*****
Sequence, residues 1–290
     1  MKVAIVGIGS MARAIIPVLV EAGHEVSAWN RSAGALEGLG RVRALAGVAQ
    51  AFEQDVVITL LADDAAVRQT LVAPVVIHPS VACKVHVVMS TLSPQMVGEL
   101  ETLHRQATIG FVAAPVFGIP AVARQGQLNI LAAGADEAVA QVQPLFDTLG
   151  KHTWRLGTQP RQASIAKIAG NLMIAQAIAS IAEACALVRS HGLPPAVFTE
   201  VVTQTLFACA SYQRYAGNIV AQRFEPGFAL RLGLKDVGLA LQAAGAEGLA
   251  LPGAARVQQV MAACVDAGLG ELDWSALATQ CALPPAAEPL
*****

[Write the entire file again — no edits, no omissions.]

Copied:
Sequence, residues 1–290
     1  MKVAIVGIGS MARAIIPVLV EAGHEVSAWN RSAGALEGLG RVRALAGVAQ
    51  AFEQDVVITL LADDAAVRQT LVAPVVIHPS VACKVHVVMS TLSPQMVGEL
   101  ETLHRQATIG FVAAPVFGIP AVARQGQLNI LAAGADEAVA QVQPLFDTLG
   151  KHTWRLGTQP RQASIAKIAG NLMIAQAIAS IAEACALVRS HGLPPAVFTE
   201  VVTQTLFACA SYQRYAGNIV AQRFEPGFAL RLGLKDVGLA LQAAGAEGLA
   251  LPGAARVQQV MAACVDAGLG ELDWSALATQ CALPPAAEPL